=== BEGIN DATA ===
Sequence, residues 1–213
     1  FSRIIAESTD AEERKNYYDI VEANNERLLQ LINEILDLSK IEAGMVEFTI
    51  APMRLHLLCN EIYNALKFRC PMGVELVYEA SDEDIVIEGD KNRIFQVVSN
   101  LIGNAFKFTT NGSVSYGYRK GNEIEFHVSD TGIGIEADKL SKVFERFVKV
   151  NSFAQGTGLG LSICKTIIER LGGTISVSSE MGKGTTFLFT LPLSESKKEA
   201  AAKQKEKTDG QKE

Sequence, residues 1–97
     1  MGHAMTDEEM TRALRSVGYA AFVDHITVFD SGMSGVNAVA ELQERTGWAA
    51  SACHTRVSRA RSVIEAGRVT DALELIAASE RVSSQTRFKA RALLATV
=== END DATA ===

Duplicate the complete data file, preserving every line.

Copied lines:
Sequence, residues 1–213
     1  FSRIIAESTD AEERKNYYDI VEANNERLLQ LINEILDLSK IEAGMVEFTI
    51  APMRLHLLCN EIYNALKFRC PMGVELVYEA SDEDIVIEGD KNRIFQVVSN
   101  LIGNAFKFTT NGSVSYGYRK GNEIEFHVSD TGIGIEADKL SKVFERFVKV
   151  NSFAQGTGLG LSICKTIIER LGGTISVSSE MGKGTTFLFT LPLSESKKEA
   201  AAKQKEKTDG QKE

Sequence, residues 1–97
     1  MGHAMTDEEM TRALRSVGYA AFVDHITVFD SGMSGVNAVA ELQERTGWAA
    51  SACHTRVSRA RSVIEAGRVT DALELIAASE RVSSQTRFKA RALLATV